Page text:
Nigerian broadcasting of my generation gave me a lot of opportunity. I was an Announcer, Disc Jockey, News Reader (I was reading news on the National Network Service by 1980, and I wasn’t even yet 20 years old!), News and Current Affairs news analyst, sports and ceremonials commentator, presenter and producer of Programs and before long, I was reporting for international broadcast outfits, like Radio France International and the BBC World Service. I was even invited to Radio Nederlands International in Hilversum, to explore the possibility of being recruited as a Producer/Presenter.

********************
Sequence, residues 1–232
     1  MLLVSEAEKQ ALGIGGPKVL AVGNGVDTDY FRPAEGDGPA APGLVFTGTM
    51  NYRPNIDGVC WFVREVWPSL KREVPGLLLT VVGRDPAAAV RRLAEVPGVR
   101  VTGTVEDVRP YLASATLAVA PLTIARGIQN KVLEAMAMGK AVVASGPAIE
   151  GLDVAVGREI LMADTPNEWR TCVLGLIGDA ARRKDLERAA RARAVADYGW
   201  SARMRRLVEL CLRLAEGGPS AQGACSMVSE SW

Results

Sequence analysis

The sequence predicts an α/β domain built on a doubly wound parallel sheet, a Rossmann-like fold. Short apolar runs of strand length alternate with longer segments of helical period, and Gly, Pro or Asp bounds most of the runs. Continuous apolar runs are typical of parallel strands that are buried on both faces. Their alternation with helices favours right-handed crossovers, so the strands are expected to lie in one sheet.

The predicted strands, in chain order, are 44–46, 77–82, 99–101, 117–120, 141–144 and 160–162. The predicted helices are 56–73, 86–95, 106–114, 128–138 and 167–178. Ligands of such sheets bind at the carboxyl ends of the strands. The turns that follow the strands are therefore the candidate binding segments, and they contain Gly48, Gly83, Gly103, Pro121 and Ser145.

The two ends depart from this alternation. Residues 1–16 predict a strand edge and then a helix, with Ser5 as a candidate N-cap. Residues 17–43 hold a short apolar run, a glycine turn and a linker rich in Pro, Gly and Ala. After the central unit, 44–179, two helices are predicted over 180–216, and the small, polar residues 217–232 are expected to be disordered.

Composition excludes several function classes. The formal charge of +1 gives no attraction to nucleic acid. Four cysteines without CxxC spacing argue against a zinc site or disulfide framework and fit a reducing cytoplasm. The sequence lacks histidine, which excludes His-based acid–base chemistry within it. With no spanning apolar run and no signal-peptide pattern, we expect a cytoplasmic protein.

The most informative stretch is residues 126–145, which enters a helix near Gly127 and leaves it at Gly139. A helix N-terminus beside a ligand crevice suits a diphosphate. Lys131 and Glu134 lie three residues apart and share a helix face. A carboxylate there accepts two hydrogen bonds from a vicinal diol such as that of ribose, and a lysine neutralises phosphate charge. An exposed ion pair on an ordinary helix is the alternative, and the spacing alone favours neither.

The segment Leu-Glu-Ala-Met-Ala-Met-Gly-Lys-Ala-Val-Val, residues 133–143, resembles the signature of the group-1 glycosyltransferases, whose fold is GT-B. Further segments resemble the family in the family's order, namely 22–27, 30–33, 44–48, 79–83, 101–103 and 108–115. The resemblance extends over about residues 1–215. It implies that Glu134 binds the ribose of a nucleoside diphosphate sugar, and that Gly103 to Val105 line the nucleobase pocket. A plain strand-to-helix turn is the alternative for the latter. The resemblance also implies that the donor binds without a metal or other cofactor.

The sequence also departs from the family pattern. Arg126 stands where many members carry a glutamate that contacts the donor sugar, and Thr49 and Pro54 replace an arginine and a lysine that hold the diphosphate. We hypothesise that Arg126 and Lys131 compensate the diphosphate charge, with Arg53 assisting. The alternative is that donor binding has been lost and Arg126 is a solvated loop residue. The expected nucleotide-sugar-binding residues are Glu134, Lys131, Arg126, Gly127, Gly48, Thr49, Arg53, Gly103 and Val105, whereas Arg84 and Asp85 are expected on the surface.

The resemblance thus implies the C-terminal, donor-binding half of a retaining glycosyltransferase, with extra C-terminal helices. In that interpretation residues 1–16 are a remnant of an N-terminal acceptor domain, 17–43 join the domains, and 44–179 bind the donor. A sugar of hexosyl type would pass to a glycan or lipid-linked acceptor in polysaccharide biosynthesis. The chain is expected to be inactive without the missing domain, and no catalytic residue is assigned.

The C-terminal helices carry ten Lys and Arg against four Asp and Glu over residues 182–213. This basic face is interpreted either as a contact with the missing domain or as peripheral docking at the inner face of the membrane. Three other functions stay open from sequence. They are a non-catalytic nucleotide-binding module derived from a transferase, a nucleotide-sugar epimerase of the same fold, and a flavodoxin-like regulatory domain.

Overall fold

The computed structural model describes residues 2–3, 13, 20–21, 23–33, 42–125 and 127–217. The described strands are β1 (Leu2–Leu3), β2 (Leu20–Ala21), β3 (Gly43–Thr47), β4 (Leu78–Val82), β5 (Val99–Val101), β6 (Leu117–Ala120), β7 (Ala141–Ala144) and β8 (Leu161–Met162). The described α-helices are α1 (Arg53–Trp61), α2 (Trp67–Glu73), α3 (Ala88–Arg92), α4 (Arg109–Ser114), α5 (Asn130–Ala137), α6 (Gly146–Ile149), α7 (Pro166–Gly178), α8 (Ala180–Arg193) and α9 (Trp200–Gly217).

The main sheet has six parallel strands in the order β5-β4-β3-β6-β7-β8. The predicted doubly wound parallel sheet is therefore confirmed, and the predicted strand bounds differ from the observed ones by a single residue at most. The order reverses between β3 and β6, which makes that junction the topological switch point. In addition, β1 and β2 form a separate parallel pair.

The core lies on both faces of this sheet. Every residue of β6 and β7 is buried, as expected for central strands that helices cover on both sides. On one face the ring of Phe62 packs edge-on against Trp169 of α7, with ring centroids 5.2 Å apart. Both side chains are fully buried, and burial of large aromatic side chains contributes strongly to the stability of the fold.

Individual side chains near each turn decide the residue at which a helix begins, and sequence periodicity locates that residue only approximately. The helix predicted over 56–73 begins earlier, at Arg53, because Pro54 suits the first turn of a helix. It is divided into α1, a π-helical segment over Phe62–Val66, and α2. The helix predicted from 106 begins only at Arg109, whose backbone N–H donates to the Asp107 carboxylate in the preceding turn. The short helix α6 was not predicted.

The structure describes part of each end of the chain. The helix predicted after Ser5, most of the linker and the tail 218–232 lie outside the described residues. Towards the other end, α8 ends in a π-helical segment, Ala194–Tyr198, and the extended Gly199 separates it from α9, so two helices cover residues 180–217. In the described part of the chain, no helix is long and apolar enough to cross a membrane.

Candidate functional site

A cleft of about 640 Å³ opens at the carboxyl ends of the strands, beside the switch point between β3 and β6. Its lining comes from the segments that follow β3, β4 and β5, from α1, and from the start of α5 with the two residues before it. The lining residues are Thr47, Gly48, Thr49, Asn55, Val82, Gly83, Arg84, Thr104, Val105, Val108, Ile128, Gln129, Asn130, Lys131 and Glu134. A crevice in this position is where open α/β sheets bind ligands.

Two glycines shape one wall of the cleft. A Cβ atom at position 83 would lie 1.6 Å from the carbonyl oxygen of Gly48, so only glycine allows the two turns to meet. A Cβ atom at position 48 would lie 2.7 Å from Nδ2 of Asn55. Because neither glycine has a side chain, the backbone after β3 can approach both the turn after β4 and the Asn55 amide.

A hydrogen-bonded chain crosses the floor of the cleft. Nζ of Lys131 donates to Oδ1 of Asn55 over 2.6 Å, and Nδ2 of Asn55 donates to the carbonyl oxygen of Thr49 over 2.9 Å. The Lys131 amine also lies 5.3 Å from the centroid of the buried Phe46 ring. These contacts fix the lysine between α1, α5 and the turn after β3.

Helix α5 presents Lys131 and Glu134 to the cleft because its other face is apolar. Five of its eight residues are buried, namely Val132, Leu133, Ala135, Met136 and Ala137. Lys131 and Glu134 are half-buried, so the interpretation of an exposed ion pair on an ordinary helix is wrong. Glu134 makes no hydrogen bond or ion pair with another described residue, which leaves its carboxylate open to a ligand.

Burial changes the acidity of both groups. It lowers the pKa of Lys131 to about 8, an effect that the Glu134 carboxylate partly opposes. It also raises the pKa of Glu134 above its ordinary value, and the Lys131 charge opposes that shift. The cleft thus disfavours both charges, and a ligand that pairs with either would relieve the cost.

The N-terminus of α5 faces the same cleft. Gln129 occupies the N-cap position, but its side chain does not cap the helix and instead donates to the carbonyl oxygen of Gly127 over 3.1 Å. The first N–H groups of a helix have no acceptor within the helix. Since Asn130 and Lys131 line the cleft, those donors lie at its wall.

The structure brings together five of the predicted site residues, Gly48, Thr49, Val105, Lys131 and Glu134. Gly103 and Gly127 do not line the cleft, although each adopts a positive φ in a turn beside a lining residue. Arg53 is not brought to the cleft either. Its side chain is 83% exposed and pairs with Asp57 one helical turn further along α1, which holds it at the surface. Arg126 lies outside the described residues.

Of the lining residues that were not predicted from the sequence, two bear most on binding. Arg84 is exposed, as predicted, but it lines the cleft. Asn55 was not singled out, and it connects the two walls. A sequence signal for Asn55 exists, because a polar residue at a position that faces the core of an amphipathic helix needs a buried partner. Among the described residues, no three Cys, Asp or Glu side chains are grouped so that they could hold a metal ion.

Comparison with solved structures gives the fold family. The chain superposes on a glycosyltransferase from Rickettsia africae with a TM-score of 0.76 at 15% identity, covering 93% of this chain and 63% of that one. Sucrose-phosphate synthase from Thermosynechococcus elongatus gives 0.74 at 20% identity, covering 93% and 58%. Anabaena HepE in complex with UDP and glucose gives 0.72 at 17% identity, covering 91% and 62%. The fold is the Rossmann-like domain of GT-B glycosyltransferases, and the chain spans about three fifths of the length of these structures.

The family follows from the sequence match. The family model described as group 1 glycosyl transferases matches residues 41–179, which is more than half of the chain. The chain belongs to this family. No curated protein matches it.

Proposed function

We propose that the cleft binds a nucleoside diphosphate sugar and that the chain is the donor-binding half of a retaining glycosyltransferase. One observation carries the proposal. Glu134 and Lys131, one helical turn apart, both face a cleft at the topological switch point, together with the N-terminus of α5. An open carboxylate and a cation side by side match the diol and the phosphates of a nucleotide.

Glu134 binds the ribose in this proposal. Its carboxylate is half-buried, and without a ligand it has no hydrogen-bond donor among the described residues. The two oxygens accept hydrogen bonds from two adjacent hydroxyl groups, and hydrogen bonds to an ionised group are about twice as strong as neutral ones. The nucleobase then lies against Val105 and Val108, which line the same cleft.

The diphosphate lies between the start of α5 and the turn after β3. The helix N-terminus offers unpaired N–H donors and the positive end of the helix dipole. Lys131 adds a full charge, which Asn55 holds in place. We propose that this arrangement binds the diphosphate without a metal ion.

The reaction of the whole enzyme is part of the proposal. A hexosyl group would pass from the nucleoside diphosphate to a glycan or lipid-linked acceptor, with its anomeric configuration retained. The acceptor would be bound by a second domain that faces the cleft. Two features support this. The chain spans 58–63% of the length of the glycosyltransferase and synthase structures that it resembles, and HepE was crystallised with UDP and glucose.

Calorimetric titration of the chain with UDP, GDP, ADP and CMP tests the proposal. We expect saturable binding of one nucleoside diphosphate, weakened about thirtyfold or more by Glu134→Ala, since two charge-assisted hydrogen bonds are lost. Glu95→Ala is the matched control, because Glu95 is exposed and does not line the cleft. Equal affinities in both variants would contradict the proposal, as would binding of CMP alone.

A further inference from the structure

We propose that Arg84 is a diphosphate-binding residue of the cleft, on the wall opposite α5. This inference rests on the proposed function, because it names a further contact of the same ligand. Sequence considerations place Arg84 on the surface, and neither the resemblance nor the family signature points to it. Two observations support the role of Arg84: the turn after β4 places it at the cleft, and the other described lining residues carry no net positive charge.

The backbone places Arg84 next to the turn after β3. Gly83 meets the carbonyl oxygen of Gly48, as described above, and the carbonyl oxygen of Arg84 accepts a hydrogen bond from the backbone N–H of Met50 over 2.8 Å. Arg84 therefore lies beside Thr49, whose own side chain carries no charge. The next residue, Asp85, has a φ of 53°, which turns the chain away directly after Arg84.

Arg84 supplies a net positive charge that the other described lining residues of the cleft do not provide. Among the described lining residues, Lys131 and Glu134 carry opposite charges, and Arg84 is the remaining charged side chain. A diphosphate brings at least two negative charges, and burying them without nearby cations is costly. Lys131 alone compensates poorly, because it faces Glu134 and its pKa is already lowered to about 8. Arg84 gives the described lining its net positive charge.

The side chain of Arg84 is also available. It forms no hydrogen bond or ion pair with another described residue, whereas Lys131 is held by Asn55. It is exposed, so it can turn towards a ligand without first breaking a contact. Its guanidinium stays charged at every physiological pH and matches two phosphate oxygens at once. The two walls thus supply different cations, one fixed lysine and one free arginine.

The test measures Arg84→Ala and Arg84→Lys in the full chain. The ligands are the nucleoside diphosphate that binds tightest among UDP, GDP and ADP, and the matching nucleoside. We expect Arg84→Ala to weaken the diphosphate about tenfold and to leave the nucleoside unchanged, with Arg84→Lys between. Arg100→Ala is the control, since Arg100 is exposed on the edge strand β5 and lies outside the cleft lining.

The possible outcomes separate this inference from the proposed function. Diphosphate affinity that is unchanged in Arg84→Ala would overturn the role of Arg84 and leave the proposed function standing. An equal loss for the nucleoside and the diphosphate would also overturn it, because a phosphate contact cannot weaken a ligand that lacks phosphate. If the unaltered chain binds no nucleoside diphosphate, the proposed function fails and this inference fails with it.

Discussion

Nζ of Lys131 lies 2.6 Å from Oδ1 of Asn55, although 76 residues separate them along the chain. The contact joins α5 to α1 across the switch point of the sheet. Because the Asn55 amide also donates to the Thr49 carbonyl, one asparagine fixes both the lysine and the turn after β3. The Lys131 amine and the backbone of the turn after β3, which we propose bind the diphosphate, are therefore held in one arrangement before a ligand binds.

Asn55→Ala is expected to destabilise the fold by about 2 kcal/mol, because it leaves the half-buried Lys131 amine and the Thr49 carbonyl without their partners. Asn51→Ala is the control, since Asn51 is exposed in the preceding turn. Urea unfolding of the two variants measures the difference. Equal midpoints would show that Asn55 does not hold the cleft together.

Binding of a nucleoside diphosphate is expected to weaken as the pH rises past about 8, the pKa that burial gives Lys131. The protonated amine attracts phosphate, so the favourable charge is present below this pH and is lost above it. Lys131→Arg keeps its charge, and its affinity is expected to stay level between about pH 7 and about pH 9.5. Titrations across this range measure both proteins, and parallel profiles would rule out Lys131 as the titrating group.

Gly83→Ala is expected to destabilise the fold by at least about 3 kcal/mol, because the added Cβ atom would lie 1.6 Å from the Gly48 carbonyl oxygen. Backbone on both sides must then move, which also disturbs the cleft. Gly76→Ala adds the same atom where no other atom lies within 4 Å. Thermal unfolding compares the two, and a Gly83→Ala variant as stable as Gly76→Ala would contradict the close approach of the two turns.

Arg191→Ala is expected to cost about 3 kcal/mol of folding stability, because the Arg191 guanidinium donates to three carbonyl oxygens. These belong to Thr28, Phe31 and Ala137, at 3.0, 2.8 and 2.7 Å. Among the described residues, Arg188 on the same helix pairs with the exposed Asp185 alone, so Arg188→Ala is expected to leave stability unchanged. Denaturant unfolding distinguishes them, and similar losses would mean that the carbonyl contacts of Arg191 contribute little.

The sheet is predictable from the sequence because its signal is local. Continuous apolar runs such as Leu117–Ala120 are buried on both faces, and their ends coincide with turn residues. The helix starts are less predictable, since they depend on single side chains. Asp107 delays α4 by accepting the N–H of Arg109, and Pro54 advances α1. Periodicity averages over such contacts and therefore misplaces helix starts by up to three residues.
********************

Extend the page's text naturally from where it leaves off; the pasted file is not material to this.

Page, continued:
It was incredible that twenty years after, almost to the day, in February 1997, I was recruited to become the pioneer general manager of the Kwara State Television Service. In that twenty-year period, I had literally done everything, and also gone to school, earning a Diploma in Mass Communication, a Bachelors Degree in Mass Communication, during which I won a scholarship every session as best student, and graduated top of my class, and I also earned a Master’s Degree. When I was recruited by Radio Nigeria in 1977, my salary was N97 per month, and after six months, we earned a raise of three Naira, and that brought the salary to N100 per month. Twenty years down the line, as pioneer GM of KWTV, I was earning the highest salary possible, but even that was N13, 000+, and that was in Nigeria of 1997.